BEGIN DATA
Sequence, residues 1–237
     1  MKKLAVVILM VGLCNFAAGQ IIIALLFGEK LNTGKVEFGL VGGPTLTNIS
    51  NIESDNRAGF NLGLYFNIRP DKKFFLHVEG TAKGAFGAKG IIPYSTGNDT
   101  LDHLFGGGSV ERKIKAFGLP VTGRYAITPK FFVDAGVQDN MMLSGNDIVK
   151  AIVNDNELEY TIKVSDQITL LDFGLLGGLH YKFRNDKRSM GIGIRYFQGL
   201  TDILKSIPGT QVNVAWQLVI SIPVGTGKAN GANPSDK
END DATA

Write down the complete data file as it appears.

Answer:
Sequence, residues 1–237
     1  MKKLAVVILM VGLCNFAAGQ IIIALLFGEK LNTGKVEFGL VGGPTLTNIS
    51  NIESDNRAGF NLGLYFNIRP DKKFFLHVEG TAKGAFGAKG IIPYSTGNDT
   101  LDHLFGGGSV ERKIKAFGLP VTGRYAITPK FFVDAGVQDN MMLSGNDIVK
   151  AIVNDNELEY TIKVSDQITL LDFGLLGGLH YKFRNDKRSM GIGIRYFQGL
   201  TDILKSIPGT QVNVAWQLVI SIPVGTGKAN GANPSDK